In the beginning, don't worry about L glass, or much beyond good tripods, fast lenses, and clean audio. Take it slow on gear buying so you have time to figure out what is genuinely useful for YOU and your style.
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Old May 26th, 2015, 04:49 PM   #19
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Re: Business Advice

The worker is worthy of his wages! Be firm and stand up for yourself and state that you've logged enough "shadowing" hours by now; like anyone else, you have to put bread on your table and would really like to be paid. You may be being abused by this person if he continues to assume that you're "free." So know that we're with you in your stand!

I shoot weddings for a living and love doing them. Check out my website at www.seattleweddingvideography.com and tell me what you think of my stuff. Do you shoot similarly and with similar equipment or do you just only use DSLR stuff? I've never used it but I know that it's beautiful. I shoot with Panasonic HMC-150's and Manfrotto gear.

Take care and good luck!

Sincerely,
Ryan Graves
Seattle Wedding Videography


Quote:
Originally Posted by Matthias Claflin View Post
Hey everyone, I have been following many of the threads on this site for a while now, just trying to soak up as much information as I can. However, I've come to an interesting place in the beginning of my video carrier and need some help. Here's the situation....

So, I began pushing my way into the wedding video business this summer when I left my job as an assistant manager of a fast food restaurant. I've always wanted to get into wedding videography and have done some concert videography in the past.. I sent out some e-mails to photographers in my area to see if they could be of any help. The first one came back with a very interesting opportunity. I would shoot a wedding for free, while working "alongside" this photographer. They would show me the ropes and give me an idea of what to expect. I took the opportunity but didn't stop looking for allies in the photo field. A more experienced photographer got back to me before I shot my first wedding and let me shadow them on a wedding shoot a week before my first official shoot was to take place.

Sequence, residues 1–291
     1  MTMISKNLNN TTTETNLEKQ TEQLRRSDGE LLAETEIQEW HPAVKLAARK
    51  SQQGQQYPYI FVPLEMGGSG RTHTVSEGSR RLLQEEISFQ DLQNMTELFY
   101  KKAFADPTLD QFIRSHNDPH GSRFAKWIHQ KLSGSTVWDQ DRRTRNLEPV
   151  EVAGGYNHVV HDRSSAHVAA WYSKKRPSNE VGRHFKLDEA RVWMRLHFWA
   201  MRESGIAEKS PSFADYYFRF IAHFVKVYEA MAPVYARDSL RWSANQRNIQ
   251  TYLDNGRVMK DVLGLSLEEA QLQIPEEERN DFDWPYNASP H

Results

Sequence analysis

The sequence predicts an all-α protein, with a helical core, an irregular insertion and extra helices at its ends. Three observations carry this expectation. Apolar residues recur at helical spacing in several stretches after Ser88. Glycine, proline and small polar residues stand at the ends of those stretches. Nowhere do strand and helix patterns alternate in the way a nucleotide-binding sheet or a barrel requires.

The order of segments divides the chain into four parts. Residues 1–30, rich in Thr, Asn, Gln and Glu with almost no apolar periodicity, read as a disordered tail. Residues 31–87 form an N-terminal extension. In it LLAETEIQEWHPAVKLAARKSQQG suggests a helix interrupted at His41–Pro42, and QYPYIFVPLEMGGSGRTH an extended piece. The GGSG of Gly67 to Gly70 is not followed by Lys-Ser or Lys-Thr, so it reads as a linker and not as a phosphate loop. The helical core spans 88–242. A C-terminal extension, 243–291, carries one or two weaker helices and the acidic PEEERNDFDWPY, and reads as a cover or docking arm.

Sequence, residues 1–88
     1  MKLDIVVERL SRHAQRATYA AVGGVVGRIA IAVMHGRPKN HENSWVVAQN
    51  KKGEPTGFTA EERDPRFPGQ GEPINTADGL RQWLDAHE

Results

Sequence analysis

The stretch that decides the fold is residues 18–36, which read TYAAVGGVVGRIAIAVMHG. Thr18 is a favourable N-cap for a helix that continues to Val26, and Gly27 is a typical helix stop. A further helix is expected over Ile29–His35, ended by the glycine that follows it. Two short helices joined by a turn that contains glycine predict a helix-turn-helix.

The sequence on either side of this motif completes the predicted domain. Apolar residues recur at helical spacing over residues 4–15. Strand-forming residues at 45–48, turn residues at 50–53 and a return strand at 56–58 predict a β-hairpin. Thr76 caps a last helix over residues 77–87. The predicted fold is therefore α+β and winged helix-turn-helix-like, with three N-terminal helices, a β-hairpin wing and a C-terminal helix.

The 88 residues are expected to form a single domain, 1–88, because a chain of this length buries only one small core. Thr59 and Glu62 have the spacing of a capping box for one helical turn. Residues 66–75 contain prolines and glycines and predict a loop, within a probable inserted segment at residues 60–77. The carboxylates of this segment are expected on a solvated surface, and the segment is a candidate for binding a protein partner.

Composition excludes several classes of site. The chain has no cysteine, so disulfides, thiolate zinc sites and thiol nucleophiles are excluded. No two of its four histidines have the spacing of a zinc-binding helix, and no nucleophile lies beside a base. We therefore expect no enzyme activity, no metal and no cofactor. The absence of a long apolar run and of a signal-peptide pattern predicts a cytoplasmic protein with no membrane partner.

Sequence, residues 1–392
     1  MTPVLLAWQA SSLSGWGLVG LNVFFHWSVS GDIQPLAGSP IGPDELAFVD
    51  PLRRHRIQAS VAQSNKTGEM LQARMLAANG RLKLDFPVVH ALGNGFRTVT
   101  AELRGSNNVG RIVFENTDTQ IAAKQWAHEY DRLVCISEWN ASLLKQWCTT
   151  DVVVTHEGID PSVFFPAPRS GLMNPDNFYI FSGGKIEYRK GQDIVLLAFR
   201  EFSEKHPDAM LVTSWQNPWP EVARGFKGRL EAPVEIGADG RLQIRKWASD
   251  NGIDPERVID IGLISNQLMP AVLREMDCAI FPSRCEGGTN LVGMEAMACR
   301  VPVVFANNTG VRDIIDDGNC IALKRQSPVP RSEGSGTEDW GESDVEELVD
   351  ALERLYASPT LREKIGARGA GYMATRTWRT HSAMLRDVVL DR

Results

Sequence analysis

Long story short the more experienced photographer has been "mentoring" me ever since (a little over a month). They have expressed an interest in letting me start a video department for their brand. In return I am able to use their equipment consisting of a 5D mkIII, numerous L glass lenses, batteries, monopods, etc. I was thrilled to be given this opportunity with little to no experience in the wedding industry and as invaluable as this experience is, I'm not making any money from it. The photographer I'm working with at the moment asked me to shoot another wedding with them. When asked about some kind of monetary compensation they told me that they wanted to shoot it without informing the bride, for free, and try to sell the highlight video to the bride after the wedding. The intention being that we keep the video aspect under wraps until we can launch an official video service next year.. What do you guys think? Will the Bride buy the highlight video? Or will "breaking even" cost too much for a Bride to spend after the wedding? Should I get something in writing before I continue to work with this photographer?
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Old June 3rd, 2015, 11:13 AM   #20
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Re: Business Advice

Quote:
Originally Posted by Matthias Claflin View Post
Hey everyone! Thanks for all the help. I spent a lot of time before I met this photographer working out a business plan and a financial breakdown on what I needed to do, to make the money I want to make. I recently went over that again, my goals, personal, professional, financial, etc, to decide what I need to see from him in order to sign anything.